On -isms: What Milestone's Return Means

By | Thursday, January 22, 2015 1 comment
A well-linked-to article in The Washington Post yesterday heralded the announcement that Reggie Hudlin, Denys Cowan and Derek Dingle are bringing Milestone comics back later this year. A lot of the big comics news sites said "YAY!" and excerpted a few quotes, but what I haven't seen is what the return of Milestone means.

Milestone first debuted in 1993 and, as a publisher, was defunct by 1997. DC licensed the characters and several stayed in some degree of circulation beyond that, but wrapped in the blanket of DC contunity. Which meant they were frequently relegated to guest star roles behind Batman or Superman. What that means is that, effectively, no one under 20 really knows Milestone at all, and you'd have to be at least 25 or 30 for the characters to have had any sort of lasting impact.

Milestone was a fantastic idea. The characters they published were almost all minorities, and the books themselves were made by almost entirely minority creators. Not just any Black guy who can write kind of okay, but they went out of their way to hire really talented people. Who happened to be Black. That meant two things. First, the stories they produced could easily stand up on their own against anything else being sold at the time. These weren't your typical "out trying to create the next Marvel Universe" wannabes, these were really talented creators, many of whom had already worked for Marvel and/or DC. The whole company came with a good set of creative credentials.

Second, because the creators were all minorities, they could speak more personally and directly to many of the issues face by minorities in the real world. If a character in one of the stories was slighted because of some institutional racism, the artist wouldn't draw just a generic gritted-teeth angry character, they could pull from their own first-hand experiences to show the nuance of being outraged but trying to bite their lip and hold it in for the time being. They know that face from having experienced it a thousand times. That gave the characters a greater authenticity than if they were simply crafted at a corporate level for the sake of filling a self-imposed quota.

And what does that mean?

Let me share a quick story from Aw Yeah Comics that I heard this past weekend...
A family was just in picking up some books for their 12 year old son, who is just getting into comics thanks to the Marvel movies. He sees the new Captain America, and excitedly yells to his Dad... "Dad! Captain America looks just like us!"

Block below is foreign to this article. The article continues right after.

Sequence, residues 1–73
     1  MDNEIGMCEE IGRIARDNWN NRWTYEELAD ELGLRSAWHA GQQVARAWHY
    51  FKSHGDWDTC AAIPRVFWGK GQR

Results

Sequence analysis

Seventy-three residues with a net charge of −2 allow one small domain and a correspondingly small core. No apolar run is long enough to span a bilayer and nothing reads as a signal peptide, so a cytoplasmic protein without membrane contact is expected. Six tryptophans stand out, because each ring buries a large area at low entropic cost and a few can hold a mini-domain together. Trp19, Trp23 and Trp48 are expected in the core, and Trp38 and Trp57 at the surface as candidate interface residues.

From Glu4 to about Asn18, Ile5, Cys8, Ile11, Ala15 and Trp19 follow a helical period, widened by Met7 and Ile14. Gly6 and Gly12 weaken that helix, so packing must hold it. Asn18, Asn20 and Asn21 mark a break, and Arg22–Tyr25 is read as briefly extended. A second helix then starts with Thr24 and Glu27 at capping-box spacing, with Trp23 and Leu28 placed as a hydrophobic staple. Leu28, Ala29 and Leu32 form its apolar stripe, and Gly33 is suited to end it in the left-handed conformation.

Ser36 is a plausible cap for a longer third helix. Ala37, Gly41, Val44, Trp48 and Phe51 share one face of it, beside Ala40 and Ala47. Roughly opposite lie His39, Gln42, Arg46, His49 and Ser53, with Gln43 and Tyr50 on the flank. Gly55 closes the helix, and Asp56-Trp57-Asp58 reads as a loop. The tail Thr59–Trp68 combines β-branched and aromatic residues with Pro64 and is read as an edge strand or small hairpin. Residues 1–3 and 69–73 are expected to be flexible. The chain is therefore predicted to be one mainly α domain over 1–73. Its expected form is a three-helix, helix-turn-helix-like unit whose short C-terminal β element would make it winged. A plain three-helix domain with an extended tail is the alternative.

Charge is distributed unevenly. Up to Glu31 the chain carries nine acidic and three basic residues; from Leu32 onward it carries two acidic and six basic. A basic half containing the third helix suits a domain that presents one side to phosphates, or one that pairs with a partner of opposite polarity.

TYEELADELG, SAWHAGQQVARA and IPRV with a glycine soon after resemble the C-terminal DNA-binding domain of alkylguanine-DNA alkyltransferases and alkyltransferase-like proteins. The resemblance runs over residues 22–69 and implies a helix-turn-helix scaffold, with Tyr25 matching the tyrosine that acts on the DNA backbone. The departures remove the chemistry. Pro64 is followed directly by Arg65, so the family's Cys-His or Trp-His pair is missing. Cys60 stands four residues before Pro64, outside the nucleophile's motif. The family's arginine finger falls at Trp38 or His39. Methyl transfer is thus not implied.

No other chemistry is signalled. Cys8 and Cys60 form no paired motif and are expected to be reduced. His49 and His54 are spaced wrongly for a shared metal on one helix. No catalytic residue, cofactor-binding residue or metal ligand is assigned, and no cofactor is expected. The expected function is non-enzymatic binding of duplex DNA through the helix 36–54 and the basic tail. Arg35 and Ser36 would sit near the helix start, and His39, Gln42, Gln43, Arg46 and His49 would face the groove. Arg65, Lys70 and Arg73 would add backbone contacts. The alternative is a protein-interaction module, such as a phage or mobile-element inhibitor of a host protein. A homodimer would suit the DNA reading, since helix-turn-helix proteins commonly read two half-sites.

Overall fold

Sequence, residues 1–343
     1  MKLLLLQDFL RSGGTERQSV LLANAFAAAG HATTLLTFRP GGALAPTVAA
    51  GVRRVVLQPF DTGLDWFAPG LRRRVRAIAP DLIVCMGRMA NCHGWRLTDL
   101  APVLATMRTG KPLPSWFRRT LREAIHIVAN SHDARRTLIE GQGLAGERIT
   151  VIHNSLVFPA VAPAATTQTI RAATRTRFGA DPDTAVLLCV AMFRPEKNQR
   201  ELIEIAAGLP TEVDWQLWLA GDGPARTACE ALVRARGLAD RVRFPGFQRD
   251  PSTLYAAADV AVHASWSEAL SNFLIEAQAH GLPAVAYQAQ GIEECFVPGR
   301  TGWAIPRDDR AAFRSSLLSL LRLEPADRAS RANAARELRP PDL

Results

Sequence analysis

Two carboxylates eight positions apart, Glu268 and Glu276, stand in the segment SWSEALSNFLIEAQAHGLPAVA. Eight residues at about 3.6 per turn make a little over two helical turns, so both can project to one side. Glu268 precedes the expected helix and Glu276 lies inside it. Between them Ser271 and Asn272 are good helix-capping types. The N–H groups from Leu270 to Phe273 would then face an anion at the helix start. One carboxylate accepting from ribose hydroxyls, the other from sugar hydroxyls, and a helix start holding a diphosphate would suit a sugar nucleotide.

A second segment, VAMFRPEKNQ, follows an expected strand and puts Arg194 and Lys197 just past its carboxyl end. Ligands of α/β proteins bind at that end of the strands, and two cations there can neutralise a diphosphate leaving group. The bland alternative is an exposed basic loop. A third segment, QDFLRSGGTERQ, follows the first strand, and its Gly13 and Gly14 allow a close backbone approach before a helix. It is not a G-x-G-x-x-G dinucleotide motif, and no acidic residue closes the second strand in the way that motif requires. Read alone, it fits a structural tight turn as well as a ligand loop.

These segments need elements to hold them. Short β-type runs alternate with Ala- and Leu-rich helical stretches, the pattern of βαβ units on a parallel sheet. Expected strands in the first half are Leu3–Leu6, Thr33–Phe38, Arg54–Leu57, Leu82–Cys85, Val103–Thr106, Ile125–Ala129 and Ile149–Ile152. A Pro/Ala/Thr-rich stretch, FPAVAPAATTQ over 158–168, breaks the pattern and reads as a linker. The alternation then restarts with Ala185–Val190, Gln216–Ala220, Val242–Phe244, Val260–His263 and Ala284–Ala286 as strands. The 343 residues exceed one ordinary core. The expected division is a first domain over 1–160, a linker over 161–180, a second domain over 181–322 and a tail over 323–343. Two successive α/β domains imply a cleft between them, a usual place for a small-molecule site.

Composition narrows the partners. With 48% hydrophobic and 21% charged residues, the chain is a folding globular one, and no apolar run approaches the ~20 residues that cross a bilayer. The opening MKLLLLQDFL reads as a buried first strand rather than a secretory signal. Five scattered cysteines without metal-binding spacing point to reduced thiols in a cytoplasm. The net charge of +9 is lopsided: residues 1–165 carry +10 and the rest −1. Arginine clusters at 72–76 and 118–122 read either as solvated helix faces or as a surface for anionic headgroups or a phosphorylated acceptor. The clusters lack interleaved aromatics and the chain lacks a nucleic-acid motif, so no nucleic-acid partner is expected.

A child just getting into comics, and he sees that one of the heroes he was shown on the big screen is now Black, just like him. He sees that superheroes don't HAVE to be white. He sees that the heroes who hold ideals he wants to live up to are JUST LIKE HIM. He sees that he has a role model reflective of him. Of his life. Of his experiences.

And that's what Milestone did. With EVERY. SINGLE. BOOK. They gave minority audiences role models to look up to and root for. They gave them not just a single hero to play second-fiddle to Aquaman; they created a whole line of comics filled with heroes that reflected who they were.

Try talking to some Black guys in their 30s and 40s who read Milestone comics back in the day. I can almost guarantee that you will hear a revenence for those short-lived comics that you might expect to hear from a Browncoat talking about Firefly. I can almost guarantee they will have no end of respect for Dwayne McDuffie and the other creators responsible. Those books were what those guys had been looking for their entire comic-reading lives.

I will freely admit that I largely missed Milestone back in the day. I was a poor student back then, and my comics reading was essentially limited to my one favorite book. The books I've read since then were good. My understanding is that they didn't do better because A) the comics market began crashing hard just as they were getting started, and B) insufficient marketing to counter the piles of cash Marvel and DC were throwing at just about everything. Just as a quick reminder, in 1993 Marvel was producing 140 titles every month (compared to Milestone's four), in 1994 Marvel bought Heroes World, in 1996 Capital City was bought by Diamond (making it essentially the only comics distributor) and Marvel filed for bankruptcy. The market was in massive turmoil, largely due to the shenanigans of the biggest players. That Milestone was as commercially successful as it was at that time is, especially in hindsight, amazing.

And that's part of what gives people so much excitement and hope for the new Milestone. Sure, there's a nostalgia factor there, but they're also stepping into a radically different market. One which is much more conducive to independent voices. (Raina Telgemeier's been on The New York Times best-selling list for how long now? Like, five or six years straight or something, isn't it?) I think there's much more potential for Milestone to reach the audience it needs in order to survive now. I think they have a shot at being much more successful this time around. And that means that many more kids can walk into a comic shop and yell to their dad... "Dad! Static Shock looks just like us! And so does Hardware! And so does Icon! And so does Rocket! And..."
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Scott said...

I can and do appreciate the broader meaning of Milestone as you so eloquently put it here. First and foremost, though, they were good comics. Among the best-written superhero comics of that period, in my opinion. I'm excited to see what Milestone 2.0 does.